Seven (mostly) free legal resources for game developers [12.19.13]
- Zachary Strebeck
[Attorney Zachary Strebeck provides a list of industry-related legal resources, giving students a leg up on any potential legal issues they may encounter as game developers.]
Avoid the expense of simple preliminary legal tasks:
Hiring an attorney can be expensive, especially for routine tasks, such as searching for pre-existing trademarks. On the flip side, doing legal work by yourself can be dangerous and costly if incorrect. Familiarizing yourself with the simple legal issues faced by game developers and giving yourself the tools necessary to do some basic research can save you a lot of time and money. These (mostly) free legal resources for game developers are a great place to start.
1) The U.S. Patent and Trademark Office:
The USPTO is the home of all United States patent and trademark registrations. Before you put a ton of work into an invention, a brand, or some other product, it is imperative that you do a search of these two databases. Doing a quick knock-out search can avoid plenty of hassle down the road.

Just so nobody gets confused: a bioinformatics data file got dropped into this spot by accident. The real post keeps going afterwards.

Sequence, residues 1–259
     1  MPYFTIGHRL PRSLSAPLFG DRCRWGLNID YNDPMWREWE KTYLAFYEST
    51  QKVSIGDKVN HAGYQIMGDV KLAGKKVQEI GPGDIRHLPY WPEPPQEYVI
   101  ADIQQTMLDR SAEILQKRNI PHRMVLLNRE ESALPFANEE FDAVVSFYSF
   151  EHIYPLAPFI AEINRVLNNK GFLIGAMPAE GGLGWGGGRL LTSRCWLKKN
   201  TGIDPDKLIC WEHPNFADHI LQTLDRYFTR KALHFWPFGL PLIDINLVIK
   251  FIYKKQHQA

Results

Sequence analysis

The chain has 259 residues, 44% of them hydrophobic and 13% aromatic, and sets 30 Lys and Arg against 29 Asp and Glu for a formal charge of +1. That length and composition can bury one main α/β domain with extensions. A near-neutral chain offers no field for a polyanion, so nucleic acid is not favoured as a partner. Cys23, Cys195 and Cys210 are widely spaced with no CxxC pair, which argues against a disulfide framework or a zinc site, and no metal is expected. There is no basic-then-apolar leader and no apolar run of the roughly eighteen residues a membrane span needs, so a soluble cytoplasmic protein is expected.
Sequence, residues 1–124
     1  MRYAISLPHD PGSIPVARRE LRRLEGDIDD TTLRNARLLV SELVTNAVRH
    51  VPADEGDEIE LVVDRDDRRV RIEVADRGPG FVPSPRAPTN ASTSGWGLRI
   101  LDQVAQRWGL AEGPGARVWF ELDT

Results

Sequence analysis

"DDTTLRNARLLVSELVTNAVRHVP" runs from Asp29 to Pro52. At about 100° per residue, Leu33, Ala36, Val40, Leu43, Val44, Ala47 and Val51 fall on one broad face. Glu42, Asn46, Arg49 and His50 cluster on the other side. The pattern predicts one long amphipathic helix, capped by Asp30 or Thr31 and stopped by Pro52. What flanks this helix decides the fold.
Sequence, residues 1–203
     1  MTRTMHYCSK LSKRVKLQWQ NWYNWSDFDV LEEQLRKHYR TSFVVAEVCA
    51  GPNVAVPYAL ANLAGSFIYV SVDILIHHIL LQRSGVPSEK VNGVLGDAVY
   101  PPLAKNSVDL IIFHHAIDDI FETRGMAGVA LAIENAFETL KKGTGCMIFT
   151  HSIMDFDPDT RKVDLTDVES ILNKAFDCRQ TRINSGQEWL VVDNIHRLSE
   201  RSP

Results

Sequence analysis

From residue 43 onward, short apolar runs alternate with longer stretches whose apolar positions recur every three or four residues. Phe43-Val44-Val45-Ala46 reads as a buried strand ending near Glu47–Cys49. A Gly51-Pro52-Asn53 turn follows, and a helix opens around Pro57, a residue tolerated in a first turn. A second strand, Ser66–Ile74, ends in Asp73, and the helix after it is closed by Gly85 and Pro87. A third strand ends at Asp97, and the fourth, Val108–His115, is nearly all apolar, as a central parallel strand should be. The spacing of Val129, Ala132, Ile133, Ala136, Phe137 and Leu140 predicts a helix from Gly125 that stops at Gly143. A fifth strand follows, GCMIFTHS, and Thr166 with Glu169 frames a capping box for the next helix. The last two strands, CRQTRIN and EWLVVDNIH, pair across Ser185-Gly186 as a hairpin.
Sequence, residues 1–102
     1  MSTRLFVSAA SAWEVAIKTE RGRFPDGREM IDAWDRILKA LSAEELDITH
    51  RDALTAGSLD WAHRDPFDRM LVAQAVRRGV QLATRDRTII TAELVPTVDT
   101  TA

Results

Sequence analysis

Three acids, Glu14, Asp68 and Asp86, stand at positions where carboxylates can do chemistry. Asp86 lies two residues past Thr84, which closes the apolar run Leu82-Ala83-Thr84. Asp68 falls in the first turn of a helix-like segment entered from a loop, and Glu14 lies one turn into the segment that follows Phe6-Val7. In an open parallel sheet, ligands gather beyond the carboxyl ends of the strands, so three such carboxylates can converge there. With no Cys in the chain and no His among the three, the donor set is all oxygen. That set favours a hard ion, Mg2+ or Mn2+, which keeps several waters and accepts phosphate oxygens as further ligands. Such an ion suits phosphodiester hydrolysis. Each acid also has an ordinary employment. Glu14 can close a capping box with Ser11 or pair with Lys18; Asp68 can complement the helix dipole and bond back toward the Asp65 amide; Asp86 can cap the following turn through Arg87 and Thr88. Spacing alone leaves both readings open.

2) Jonathan Sparks' excellent "Save Point Law" blog:
The Save Point Law blog is a great starting point for game developers who don't have much knowledge about the legal issues that their new businesses may be facing. There are posts about business entities, contracts, and other legal issues that use easy-to-follow examples to illustrate their points.
Save Point Law blog (he also blogs here on Gamasutra)
3) The Securities and Exchange Commission:
Any developer looking to expand their business and raise capital will eventually have to deal with securities laws. This government resource for small businesses explains the various options in an easy-to-digest format (easier than reading the regulations, anyway).
SEC's Small Business Resource Center
4) The U.S. Copyright Office:
Similar to the USPTO linked to above, the website for the U.S. Copyright Office is a useful resource for searching copyright records. This can come in handy when licensing work from another party, in order to ensure that the party does indeed own the intellectual property rights that are being licensed.
U.S. Copyright Office